Some category theory concepts can be translated to code. These universal abstractions can form the basis of a powerful and concise software design vocabulary.

The design patterns movement was an early attempt to create such a vocabulary. I think using category theory offers the chance of a better vocabulary, but fortunately, all the work that went into design patterns isn't wasted. It seems to me that some design patterns are essentially ad-hoc, informally specified, specialised instances of basic category theory concepts. There's quite a bit of overlap. This should further strengthen the argument that category theory is valuable in programming, because some of the concepts are equivalent to design patterns that have already proven useful.

## Comments

What a perfect introduction !

I heard about category theory more than one year ago. But it was from a PhD who code in 'haskell' and I thought it was too hard for me to understand.

And then, this post.

Thank you a lot! (you aleardy published the follow up ! yeah)

Thanks for writing these articles, it's nice to have some reference material that is approachable for us as dotnet programmers.

One thing I was kind of expecting to find here was something about the two building blocks of combining types: products and coproducts. Is this something you have written about, or are considering writing about? It gets mentioned in the Church encoding series and obviously those about visitors, but not really as a concept on its own.

What triggered me to come here this time, was reading about the much requested Champion "Discriminated Unions". Not only in those comments, but also when looking at other C# code, lots of people seem to not realize how fundamental of a concept sum types are. IF they are, I could be wrong ofcourse.

I liked the way bartosz milewski explained this by visualizing them as graphs. Or how Scott Wlaschin relates it back to other concepts we also take for granted:

Anyway, I don't want to ramble on too much. Just curious if it's something you think fits the list of universal abstractions.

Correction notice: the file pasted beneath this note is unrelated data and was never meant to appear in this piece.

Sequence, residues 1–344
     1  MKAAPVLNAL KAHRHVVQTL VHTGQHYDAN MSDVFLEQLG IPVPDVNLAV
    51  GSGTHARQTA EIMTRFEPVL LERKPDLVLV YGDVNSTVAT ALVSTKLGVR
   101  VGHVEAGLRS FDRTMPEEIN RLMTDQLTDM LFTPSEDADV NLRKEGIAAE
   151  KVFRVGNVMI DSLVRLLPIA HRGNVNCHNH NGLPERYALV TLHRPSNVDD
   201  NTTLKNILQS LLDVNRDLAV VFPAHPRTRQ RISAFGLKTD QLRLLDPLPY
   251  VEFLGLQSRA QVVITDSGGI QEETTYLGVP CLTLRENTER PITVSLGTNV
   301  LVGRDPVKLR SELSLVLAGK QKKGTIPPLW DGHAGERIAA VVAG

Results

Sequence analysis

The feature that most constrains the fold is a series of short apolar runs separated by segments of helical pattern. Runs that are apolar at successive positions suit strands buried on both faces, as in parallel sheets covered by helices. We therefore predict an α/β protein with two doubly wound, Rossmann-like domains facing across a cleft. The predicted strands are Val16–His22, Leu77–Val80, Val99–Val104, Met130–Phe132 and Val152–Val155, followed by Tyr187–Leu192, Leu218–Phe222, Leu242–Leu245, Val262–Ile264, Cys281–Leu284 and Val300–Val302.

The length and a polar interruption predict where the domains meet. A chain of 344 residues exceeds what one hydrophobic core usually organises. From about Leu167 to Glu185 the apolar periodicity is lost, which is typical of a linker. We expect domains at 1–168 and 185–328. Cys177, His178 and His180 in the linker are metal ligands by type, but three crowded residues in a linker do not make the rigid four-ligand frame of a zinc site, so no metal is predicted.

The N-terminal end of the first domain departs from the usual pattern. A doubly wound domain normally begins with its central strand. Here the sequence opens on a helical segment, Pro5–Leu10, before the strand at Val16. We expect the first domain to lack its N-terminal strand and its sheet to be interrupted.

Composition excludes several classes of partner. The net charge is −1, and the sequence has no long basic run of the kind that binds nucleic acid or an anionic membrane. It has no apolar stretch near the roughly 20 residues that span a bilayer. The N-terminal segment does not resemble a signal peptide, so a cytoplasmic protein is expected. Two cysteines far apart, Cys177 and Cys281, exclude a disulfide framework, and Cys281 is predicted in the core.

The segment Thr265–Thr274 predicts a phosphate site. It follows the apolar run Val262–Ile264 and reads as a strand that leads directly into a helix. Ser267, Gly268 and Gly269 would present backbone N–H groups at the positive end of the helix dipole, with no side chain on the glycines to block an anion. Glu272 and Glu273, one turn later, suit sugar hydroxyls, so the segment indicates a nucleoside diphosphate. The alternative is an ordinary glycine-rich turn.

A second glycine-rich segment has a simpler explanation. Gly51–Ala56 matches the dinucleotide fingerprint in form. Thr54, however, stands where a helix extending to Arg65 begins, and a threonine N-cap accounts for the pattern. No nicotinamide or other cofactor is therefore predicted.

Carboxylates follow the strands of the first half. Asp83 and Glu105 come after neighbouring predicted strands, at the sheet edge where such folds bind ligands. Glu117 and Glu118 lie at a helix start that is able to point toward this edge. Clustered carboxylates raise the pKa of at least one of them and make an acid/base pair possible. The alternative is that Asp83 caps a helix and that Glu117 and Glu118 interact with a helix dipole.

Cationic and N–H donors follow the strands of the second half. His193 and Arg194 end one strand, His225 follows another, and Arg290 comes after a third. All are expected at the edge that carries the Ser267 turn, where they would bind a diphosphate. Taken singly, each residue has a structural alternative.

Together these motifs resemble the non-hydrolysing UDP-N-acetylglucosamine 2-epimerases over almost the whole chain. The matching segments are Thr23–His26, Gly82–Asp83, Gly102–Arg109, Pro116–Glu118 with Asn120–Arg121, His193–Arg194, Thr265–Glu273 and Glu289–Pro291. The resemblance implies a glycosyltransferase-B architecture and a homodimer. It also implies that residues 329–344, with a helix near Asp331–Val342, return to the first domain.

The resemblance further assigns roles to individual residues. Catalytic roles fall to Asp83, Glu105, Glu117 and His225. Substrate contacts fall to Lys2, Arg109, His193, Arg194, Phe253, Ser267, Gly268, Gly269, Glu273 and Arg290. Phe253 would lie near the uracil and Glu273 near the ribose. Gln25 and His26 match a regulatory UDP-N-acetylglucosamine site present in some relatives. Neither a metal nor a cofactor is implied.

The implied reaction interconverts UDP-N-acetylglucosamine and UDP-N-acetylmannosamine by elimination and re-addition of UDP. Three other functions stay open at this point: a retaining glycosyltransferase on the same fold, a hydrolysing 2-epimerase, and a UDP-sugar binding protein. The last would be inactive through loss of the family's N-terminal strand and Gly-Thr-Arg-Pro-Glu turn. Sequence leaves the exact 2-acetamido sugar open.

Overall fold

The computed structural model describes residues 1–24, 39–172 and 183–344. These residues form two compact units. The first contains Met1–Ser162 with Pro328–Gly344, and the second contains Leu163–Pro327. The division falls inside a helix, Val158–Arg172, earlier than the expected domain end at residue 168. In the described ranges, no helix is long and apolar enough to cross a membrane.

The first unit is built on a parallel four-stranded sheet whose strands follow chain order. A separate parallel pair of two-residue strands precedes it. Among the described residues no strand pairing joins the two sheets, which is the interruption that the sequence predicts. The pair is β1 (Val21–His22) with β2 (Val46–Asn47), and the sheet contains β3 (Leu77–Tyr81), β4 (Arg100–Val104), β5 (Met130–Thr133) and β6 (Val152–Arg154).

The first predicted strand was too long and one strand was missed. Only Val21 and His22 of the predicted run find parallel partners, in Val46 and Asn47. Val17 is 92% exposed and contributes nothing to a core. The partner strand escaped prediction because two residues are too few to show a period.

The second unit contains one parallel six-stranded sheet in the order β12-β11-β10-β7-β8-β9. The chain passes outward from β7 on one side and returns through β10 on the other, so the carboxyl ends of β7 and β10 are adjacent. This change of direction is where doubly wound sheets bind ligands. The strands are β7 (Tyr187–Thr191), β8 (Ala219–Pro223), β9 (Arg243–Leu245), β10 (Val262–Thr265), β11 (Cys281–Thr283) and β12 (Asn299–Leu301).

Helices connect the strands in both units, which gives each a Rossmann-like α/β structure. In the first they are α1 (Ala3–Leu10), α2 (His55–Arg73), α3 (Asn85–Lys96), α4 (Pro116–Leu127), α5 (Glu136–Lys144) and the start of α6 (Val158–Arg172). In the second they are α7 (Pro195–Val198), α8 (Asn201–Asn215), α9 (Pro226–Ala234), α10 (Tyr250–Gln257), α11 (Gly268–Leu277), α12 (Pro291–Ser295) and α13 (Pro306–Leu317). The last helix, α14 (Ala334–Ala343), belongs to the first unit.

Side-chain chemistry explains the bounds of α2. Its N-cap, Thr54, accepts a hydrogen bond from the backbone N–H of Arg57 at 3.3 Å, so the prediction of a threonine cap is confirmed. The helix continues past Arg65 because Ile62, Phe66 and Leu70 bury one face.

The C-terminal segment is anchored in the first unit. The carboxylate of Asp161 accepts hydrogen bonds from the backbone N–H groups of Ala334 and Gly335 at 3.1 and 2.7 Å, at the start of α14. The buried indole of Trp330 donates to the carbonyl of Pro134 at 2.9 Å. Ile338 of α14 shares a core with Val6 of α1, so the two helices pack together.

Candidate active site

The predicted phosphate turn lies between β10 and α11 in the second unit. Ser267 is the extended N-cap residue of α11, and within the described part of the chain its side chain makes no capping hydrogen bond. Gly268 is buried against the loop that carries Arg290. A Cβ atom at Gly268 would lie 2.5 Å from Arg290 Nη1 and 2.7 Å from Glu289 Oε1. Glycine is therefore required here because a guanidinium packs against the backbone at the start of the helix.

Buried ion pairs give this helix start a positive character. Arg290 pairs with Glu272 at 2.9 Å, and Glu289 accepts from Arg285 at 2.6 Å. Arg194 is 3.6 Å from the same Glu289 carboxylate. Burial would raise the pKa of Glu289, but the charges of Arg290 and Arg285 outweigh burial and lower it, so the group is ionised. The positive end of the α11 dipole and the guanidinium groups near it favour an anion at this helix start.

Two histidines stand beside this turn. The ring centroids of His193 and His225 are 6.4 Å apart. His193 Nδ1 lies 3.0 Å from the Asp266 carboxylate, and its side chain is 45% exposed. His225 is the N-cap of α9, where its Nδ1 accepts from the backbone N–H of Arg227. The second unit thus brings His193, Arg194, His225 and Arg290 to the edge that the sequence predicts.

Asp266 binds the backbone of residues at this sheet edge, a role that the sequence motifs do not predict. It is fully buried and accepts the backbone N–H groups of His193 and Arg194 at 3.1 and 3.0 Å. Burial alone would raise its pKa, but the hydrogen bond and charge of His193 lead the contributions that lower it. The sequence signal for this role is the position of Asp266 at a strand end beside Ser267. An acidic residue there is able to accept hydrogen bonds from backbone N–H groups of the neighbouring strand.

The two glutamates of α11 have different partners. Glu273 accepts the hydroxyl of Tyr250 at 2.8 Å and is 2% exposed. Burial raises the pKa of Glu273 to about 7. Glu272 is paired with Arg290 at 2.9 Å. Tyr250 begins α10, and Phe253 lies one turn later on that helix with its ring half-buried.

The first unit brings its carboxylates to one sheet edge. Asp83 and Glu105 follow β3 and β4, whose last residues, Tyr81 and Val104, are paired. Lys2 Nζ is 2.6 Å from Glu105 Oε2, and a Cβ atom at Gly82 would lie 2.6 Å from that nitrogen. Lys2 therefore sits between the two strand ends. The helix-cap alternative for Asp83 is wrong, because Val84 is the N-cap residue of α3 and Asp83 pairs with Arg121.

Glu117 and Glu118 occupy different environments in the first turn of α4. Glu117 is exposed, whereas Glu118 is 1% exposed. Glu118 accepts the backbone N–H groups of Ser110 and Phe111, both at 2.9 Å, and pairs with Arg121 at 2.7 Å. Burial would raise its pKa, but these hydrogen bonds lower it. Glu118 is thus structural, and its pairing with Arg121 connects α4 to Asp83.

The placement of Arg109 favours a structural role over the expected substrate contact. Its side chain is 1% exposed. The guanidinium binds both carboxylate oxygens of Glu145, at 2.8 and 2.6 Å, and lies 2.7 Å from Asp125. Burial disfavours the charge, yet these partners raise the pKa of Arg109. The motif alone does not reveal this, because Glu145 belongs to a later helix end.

Rutger, thank you for writing. I agree that the notion of algebraic data types are, in some sense, quite fundamental. Despite that, I was never planning on covering that topic in this series. The main reason is that I think that other people have already done a great job of it. The first time I encountered the concept was in Tomas Petricek's exemplarily well-written article Power of mathematics Reasoning about functional types, but, as you demonstrate, there are plenty of other good resources. Another favourite of mine is Thinking with Types.

That's not to say that this is the right decision, or that I might not write such an article. When I started this massive article series, I had a general idea about the direction I'd like to go, but I learned a lot along the way that slightly changed the plans. For example, despite the title, there's not that much category theory here. The reason for that is that I found that most of the concepts didn't really require category theory. For example, monoids originate (as far as I can tell) from abstract algebra, and you don't need more than that to explain the concept.

So, to answer your direct question: No, this isn't something that I've given an explicit treatment. On one hand, I think there's already enough good material on the topic that the world doesn't need my contribution. On the other hand, perhaps there's a dearth of treatment that puts this in a C# context.

I'm not adverse to writing such an article, but I have so many other topics I'd also like to cover.